The Laws of Nature

Saturday, April 13, 2013

Paradigms and Purposes

Occam's Razor
watercolor on paper
Katharine A. Cartwright, NWS
prints and cards are available,
see link above
Book Review

Art Theory: A Very Short Introduction by Cynthia Freeland

Chapter 2: Paradigms and purposes

Moving right along at my present pace, which seems to match that of a snail, I’ll tackle Chapter 2. The opening sentence is a real attention grabber: contemporary artists who create work using blood, urine, maggots, and plastic surgery are successors of past artists who took sex, violence, and war as their subjects. Really? Is the correlation actually that close?

Freeland needs to find a theory that applies to these works. In this chapter, she devotes the next five sections to five periods in art ranging from fifth-century BCE Athens to Andy Warhol’s Brillo Box in 1964. Here’s a very brief synopsis of the evolution of “what is art?” according to Freeland:

1.      Greeks – art is an imitation of nature or of human life and action, including tragedy.

2.      Chartres and medieval aesthetics – art and Gothic cathedrals (the repository of art) must emulate the characteristic of beauty which is a property of God. The three key principles of  gothic cathedrals: proportion, light and allegory.

3.      Versailles and Kant – The Greek classical motif is revisited at Versailles in architecture, craftsmanship, and gardens. Kant emphasized the idea of “purposeviness without purpose.”

4.      Richard Wagner– his opera Parsifal celebrates suffering; the rebirth of the tragedy in art.

5.      Andy Warhol – his Brillo Boxdemonstrated that anything can be a work of art, given the right situation and theory. Art that embodies meaning becomes the new norm.

So, it appears that Warhol and his avid supporter, noted critic Arthur Danto, opened Pandora’s Box (although I might argue that Duchamp did it first). Most everything is art now, and most everything hangs in our museums of contemporary art.  Beauty is no longer required.

I’ve spent time reflecting upon this idea and can agree intellectually, but not emotionally. When I create art, no matter what the overarching concept for it, I still try to make it aesthetically pleasing. I’m enthralled with design and color. Yes, I begin with a concept and it’s not always a pleasing thought, but the art that expresses it is usually something beautiful to look at.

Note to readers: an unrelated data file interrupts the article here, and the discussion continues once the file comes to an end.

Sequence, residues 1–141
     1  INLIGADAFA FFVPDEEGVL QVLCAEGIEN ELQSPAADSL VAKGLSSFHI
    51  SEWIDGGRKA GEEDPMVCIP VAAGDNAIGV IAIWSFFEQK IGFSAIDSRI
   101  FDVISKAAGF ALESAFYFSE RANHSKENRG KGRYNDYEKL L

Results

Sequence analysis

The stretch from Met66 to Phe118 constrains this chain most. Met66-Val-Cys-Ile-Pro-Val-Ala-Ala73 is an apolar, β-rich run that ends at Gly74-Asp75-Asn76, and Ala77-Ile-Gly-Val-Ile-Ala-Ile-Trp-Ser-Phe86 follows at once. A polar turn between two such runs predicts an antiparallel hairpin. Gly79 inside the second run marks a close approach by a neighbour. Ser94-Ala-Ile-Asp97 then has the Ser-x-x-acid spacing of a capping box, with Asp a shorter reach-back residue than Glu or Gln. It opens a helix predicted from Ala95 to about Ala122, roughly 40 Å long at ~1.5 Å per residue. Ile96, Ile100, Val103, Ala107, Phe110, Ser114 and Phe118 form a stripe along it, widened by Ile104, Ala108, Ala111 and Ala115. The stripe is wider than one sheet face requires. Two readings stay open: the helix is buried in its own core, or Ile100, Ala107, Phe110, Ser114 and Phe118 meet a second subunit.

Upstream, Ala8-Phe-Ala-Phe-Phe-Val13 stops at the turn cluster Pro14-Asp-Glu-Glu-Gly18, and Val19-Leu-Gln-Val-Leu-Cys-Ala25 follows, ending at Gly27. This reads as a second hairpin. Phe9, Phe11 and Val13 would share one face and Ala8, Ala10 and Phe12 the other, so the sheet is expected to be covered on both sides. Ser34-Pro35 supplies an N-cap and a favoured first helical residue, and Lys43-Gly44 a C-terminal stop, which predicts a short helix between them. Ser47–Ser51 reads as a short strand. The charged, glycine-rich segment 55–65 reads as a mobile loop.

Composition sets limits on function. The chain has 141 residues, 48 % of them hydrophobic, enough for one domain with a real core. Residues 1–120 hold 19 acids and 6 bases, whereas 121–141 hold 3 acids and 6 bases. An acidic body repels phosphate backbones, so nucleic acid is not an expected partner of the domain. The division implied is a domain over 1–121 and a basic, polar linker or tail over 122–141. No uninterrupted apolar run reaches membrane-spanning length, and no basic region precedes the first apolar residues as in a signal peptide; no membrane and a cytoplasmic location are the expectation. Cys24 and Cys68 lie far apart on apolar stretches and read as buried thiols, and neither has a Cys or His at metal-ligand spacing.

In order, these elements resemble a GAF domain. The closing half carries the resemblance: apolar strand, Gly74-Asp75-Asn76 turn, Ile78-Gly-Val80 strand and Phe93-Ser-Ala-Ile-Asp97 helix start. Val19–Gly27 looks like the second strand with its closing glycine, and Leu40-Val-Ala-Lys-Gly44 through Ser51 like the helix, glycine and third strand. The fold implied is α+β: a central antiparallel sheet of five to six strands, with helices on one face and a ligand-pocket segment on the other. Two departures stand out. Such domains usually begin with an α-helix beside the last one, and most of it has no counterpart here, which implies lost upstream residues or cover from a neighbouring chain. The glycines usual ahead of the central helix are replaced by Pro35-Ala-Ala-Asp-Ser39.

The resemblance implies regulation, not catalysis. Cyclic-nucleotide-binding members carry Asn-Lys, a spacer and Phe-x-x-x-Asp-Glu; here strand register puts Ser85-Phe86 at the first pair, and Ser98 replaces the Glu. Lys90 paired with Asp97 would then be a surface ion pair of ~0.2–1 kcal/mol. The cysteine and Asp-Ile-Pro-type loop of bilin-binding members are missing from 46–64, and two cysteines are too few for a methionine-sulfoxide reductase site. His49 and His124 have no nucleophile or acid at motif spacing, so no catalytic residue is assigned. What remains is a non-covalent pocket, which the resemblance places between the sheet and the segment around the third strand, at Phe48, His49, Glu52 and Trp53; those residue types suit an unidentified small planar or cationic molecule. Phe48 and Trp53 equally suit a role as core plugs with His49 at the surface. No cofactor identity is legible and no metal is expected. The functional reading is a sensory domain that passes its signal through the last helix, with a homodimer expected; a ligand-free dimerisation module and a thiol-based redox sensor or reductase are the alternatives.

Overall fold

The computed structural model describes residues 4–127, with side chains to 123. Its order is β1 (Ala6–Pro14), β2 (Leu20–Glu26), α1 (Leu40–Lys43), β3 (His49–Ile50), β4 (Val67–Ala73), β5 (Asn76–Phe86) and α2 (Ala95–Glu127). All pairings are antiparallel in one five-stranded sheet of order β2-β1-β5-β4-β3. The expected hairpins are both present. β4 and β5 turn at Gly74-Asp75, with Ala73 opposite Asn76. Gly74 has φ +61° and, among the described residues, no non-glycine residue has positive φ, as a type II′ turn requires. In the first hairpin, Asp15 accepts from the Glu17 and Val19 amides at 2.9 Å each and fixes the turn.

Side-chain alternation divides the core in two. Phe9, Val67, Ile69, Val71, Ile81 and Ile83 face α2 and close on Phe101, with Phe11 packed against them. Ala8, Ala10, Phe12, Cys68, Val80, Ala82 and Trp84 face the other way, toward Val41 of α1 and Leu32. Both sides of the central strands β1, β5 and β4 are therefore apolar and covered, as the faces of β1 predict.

So, the question for me is not whether it’s art, but whether I want to paint it and look at it.

How about you?

Thursday, April 4, 2013

What's your emotional range?

Book Review

Kirschhoff's First Law
watercolor 26" x 20"
Katharine A. Cartwright, NWS

Art Theory: A Very Short Introduction by Cynthia Freeland
Chapter 1: Conclusion
After presenting the case of Serrano and his precursor Goya, Freeland moves us toward concluding statements by pointing out that a lot of recent art work incorporates horror. I would agree. My trips to the galleries and museums of New York City gave me insight into this. Quite frankly, sometimes I understood it but mostly I wondered about the motivations of the artists.  It’s kind of like viewing Hollywood’s high-body-count movies (HBC’s).  After awhile you wonder what is the point?
So, this chapter in Freeland’s book interests me. She begins by trying to help us understand horror in art through the lenses of two competing theories:  1) art as communal ritual, and 2) aesthetic theory a la Kant and Hume.  The first theory doesn’t explain this trend, and the second only marginally.
Freeland writes: By pointing back to works of an important artist from the past, Goya, I have argued that contemporary ugly or shocking art like Serrano’s has clear precedents in the Western European canon. Art includes not just works of formal beauty to be enjoyed by people with ‘taste’, or works with beauty and uplifting moral messages, but also works that are ugly and disturbing, with a shatteringly negative moral content.
This means that Freeland will next discuss content. My favorite subject!
The questions I have for those of you who wish to comment are: What is your reaction to horror in works of art and do you incorporate it in your own work? Do you concern yourself with conveying feelings other than pleasant ones in your art? What is the emotional range of your self expression?